Weavers from Oaxaca continue to reproduce ancient Zapotec symbols, often without an awareness of their socio-historical context. Similarly, they continue to weave with traditional colors, but use chemical dyes. In contrast, the Gutierrez family incorporates myths, meanings, and stories of their elders into their weavings. They strive to keep alive the almost forgotten art of natural dyeing with minerals, plants and insects. Porfirio Gutierrez has done extensive research on long established techniques to further appreciate both the significance of Zapotec symbols as well as the importance of plant materials used prior to the Spanish introduction of wool over five hundred years ago.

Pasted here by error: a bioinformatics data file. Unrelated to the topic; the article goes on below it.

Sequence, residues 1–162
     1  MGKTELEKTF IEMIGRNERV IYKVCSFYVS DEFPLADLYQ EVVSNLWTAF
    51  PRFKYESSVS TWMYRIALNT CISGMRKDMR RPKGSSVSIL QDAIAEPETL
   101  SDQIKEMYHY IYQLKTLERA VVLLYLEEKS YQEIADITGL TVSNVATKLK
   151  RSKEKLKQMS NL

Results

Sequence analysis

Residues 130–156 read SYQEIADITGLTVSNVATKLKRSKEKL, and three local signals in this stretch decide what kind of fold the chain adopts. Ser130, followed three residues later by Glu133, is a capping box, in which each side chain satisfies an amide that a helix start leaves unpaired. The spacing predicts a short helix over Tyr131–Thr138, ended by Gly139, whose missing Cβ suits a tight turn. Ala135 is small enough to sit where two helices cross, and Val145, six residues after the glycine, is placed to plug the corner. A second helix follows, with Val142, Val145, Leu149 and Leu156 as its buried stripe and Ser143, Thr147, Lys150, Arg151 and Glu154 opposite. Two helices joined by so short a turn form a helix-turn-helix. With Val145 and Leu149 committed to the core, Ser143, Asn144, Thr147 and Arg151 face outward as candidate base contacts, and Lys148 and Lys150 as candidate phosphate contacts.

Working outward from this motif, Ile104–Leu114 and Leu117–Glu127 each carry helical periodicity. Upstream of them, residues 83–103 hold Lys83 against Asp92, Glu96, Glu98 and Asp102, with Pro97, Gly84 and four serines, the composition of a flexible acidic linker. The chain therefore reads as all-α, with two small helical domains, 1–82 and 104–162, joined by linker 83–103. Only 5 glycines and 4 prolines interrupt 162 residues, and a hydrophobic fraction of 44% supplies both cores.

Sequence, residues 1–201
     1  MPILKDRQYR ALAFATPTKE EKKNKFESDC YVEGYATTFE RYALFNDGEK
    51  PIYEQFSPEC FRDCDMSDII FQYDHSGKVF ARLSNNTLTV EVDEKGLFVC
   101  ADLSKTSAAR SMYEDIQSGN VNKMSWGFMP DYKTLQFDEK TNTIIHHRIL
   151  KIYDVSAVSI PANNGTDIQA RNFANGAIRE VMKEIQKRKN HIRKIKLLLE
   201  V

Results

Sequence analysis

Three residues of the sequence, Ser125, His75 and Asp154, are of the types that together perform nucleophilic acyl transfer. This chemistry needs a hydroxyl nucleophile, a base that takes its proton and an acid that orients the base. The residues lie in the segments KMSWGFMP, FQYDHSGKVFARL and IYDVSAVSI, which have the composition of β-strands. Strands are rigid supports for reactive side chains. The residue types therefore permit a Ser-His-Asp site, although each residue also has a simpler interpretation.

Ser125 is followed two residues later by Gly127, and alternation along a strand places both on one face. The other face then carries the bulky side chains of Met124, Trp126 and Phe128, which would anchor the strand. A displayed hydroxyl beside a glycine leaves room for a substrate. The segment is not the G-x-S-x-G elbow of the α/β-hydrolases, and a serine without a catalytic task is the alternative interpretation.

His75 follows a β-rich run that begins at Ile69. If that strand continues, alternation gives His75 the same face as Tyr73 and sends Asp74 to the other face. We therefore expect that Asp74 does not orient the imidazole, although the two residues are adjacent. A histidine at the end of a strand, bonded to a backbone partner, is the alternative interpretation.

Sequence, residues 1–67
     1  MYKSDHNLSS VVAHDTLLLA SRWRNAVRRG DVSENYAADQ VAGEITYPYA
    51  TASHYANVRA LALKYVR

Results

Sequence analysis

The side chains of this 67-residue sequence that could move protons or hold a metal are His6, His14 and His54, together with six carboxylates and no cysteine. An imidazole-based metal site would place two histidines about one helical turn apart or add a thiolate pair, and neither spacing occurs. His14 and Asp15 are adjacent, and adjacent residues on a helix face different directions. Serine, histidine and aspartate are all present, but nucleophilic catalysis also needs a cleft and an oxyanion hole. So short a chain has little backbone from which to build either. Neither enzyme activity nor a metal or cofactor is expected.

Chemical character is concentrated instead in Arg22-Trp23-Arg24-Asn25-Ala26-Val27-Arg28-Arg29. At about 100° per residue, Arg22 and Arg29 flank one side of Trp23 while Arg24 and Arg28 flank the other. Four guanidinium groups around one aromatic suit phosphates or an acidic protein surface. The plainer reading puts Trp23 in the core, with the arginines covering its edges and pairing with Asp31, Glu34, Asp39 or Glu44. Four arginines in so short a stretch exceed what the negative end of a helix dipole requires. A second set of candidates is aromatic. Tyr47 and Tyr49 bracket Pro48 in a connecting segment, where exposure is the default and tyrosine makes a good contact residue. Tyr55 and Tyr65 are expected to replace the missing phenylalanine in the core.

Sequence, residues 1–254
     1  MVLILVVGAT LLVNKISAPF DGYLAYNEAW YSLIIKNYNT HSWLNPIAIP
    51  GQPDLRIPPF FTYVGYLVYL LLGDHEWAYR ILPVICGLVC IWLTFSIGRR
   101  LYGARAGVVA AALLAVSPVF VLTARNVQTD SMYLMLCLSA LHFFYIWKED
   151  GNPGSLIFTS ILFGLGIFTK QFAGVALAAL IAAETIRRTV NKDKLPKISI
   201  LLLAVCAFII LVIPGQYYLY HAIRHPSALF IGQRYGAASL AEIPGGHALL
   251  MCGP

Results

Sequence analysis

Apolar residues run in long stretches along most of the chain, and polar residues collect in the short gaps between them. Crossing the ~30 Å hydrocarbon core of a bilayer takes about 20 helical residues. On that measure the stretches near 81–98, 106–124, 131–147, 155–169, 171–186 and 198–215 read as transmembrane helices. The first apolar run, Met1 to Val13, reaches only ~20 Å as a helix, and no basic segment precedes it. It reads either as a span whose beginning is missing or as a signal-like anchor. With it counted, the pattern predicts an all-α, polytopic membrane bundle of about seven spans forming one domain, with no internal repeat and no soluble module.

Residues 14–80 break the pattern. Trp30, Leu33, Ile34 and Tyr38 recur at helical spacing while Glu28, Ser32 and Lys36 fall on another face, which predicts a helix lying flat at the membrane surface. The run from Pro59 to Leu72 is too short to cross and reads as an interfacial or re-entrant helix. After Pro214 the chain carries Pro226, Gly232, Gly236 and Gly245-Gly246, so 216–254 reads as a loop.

Palm leaves, agave fiber, and other plant materials have been neglected – but not by Porfirio. As a contemporary artist, he does not merely copy the work of previous generations— he builds on that work in a way that is true both to tradition and to his own interpretations. Stepping away from folk-art traditions into the fine art world has enabled Porfirio to delve into his rich cultural heritage, preserving the materials and the techniques of the past while expressing himself in a very personal way.
Using a common mat woven of palm leaves – a petate – as a point of reference, he will personalize his journey to preserve his proud Zapotec heritage along with his exploration to identify beyond the traditional.
Tickets available at the door. Free to TAC members, $10 for non-members, and $5 for members of FAMSF and students.
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